Superstition and Other Silliness: December 2002 Archives

December 26, 2002

Don't have a cow

You have a problem. You are Hindu, and your religion demands that you sanctify your place of worship by splattering it with cow dung and water. But, you are a sophisticated, city-dwelling Hindu and cow poo, no matter how holy it might be, well, stinks. Cows tend to be a little thin on the ground, too. Well, a company in Vijaywada in Andhra Pradesh has just the product for you--specially processed cow shit, mixed with camphor, turmeric and sandalwood to give it a more acceptable odour.

I used to avoid cow dung because of its bad odour, one young housewife said. But this holy cow dung does not smell that bad and now I do not have any problem to apply it at home before the rituals.

The manufacturers also point out that their cow crap has anti-fungal properties and plan to export it for use by Hindus all over the world. Dairy farm making a packet from cow dung -, 26th December 2002 (via New World Disorder).

December 25, 2002

Sssssssso careless

Passengers on a commuter minibus in Kenya were surprised when an elderly woman removed her clothing and complained that her snaked had gone missing. The snake was to be used in a ritual to ensure that her brother won a local election. Passengers' shock as poll ritual snake slithers out - Daily Nation, 25th December 2002.

December 24, 2002

Be an annoying git, even when you're gone.

At Rapture Letters, Christians can arrange to have pestering evangelical e-mail sent to their loved ones when they all mysteriously disappear at the Rapture. Once names are added to the database, they will be stored indefinitely and a letter will be sent out to each of them on the first Friday after the rapture. Then they will receive another letter every friday after that. I have my doubts about this site, but the sample letter is so disgustingly sincere, it must be real. The site is a personal ministry but the anonymous individual(s) behind it don't explain how their computers will know when the Rapture will happen and so trigger the letter-sending. It's not as if they're going to be around themselves, is it?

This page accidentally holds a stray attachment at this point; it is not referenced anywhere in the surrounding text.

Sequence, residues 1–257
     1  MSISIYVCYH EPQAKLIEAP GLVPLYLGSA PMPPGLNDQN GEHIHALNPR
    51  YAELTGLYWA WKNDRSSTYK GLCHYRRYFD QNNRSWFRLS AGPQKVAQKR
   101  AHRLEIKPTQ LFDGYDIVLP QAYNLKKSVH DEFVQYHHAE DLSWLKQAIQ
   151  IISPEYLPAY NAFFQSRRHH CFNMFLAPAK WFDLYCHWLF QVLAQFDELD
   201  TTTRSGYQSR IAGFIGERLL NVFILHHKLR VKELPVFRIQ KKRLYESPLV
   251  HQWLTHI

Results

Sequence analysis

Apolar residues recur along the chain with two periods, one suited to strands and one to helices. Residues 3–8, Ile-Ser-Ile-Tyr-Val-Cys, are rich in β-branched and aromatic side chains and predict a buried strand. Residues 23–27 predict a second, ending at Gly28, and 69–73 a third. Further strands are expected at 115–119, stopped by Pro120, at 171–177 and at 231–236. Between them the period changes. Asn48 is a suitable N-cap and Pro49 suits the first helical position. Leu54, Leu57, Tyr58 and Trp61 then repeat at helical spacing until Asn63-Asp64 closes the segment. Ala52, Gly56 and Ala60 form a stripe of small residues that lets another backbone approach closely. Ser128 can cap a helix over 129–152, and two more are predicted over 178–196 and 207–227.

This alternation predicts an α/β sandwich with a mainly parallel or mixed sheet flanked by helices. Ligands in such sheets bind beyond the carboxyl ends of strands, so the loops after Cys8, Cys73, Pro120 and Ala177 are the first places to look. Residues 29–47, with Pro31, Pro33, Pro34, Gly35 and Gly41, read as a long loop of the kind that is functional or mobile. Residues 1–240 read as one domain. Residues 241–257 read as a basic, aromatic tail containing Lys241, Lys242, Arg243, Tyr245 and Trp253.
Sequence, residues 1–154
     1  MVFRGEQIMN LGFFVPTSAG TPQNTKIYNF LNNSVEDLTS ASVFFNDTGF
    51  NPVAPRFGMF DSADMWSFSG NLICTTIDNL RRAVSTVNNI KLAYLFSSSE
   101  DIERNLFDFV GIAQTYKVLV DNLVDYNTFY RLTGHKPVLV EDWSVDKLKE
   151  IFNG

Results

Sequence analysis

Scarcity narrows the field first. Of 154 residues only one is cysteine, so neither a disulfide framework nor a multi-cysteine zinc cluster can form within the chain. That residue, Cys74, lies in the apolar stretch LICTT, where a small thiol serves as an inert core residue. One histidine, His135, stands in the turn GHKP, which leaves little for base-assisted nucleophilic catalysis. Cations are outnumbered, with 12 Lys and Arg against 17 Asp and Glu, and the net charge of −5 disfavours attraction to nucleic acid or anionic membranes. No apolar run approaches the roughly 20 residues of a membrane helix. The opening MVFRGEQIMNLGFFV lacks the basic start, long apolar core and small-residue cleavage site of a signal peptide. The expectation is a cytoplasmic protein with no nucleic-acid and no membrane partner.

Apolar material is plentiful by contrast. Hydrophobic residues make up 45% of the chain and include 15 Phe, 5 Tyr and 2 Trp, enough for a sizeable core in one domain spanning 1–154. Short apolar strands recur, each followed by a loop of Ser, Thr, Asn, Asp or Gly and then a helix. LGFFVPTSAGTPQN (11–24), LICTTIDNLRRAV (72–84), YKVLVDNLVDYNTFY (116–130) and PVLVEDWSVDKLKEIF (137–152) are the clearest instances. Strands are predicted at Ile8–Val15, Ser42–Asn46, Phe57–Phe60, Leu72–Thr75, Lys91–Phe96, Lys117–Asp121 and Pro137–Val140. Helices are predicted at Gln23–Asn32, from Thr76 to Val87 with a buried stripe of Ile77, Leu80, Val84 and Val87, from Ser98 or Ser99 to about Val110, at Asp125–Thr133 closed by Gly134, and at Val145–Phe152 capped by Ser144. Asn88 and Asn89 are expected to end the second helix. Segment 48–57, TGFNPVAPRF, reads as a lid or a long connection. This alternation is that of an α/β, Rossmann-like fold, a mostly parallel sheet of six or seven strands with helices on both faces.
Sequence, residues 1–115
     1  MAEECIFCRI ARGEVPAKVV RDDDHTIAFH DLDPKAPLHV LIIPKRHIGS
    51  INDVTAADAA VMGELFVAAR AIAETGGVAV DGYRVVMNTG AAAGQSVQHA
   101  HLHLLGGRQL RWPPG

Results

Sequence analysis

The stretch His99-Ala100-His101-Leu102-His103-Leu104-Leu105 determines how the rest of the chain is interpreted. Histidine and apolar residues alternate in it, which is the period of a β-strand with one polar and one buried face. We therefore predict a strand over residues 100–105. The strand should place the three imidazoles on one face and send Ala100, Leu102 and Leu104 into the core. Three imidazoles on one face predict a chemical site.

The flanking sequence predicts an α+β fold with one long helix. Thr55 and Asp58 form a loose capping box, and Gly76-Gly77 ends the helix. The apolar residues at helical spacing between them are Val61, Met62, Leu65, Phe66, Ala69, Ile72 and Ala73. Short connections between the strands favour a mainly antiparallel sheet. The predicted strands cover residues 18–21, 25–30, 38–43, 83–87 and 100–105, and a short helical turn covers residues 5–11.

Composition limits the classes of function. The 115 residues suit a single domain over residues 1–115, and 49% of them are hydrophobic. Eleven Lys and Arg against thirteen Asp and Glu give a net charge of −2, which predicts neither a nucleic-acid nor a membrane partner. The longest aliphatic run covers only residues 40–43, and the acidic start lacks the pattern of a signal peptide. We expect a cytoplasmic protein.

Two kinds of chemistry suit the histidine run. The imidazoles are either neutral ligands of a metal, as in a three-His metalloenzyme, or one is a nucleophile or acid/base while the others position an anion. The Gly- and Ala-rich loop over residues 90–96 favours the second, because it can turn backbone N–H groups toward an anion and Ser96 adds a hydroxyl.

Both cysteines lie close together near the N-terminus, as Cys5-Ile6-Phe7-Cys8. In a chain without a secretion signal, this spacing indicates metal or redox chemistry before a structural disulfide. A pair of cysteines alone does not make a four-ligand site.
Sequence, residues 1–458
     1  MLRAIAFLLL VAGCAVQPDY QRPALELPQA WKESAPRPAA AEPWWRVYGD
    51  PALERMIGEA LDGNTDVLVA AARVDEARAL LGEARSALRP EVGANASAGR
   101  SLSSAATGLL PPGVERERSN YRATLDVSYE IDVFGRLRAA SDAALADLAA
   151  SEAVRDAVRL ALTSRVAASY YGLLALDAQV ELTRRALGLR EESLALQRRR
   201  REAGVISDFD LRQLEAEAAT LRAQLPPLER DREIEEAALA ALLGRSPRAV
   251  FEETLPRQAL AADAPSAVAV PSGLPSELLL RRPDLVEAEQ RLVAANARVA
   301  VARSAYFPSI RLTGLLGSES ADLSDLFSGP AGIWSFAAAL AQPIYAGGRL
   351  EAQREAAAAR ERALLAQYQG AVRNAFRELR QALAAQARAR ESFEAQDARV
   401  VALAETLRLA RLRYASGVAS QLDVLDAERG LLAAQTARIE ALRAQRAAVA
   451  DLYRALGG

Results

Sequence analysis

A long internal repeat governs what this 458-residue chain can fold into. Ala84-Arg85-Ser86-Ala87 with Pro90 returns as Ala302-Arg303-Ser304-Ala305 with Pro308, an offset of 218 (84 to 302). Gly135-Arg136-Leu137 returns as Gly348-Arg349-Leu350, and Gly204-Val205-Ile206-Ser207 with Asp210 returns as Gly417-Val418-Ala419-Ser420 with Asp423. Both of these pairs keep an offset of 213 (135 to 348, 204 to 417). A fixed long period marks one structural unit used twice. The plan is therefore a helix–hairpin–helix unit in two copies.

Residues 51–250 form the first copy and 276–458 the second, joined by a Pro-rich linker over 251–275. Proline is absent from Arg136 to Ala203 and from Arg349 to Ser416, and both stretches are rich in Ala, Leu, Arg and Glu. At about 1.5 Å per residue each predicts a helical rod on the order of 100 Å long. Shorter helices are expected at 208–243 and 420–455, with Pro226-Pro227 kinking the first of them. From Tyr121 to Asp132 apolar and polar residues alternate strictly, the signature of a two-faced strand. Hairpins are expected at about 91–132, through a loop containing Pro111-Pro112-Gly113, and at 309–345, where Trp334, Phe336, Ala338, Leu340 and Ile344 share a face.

December 12, 2002

A bar to avoid

How about some fizzy keg reading to go with your fizzy keg beer? You can have both dubious delights if the Reverend Peter Winkle and restaurateur Renee Visser get the licence they want from authorities in Grand Rapids, Michigan. They plan to open a Christian theme bar called 'Graces' where Bibles will be on offer alongside the usual fake beer and junk food. Reverend and restaurant owner plan to mix Bibles and beer - ABC7 Chicago, 12th December 2002.

December 11, 2002

Are unicorns covered by CITES?

Officials from New Zealand's Agriculture and Forestry Ministry were surprised when an importer told them that the unlabelled box of bones he'd had sent from Indonesia were the remains of a unicorn. But the bones, which had been covered with a thin layer of cement to make them look like fossils, were from a more mundane cow or water buffalo. A representative told the Dominion Post The importer, when he was asked, said they were unicorn bones. Whether he was ripped off or what, who knows? 'Unicorn' bones in unmarked shipment - Dominion Post, 11th December 2002.

God's some claims exemption from law

The Son of God has issued a three-page rant from his Australian prison cell complaining that he has been gaoled for his beliefs--specifically his belief that the Traffic Act is the work of the Devil and does not apply to him. Terence Michael Malaher is serving an eight-week sentence for driving while disqualified and driving an unregistered vehicle with no premium cover. Mahler insisted he was exempt because of his divine status, and also insisted I follow only God's code of conduct, which is 'walk in peace and do not disturb the peace of others'. He doesn't explain how driving a car is the same as walking. 'Messiah' rants over jail sentence - The Examiner, 10th December 2002.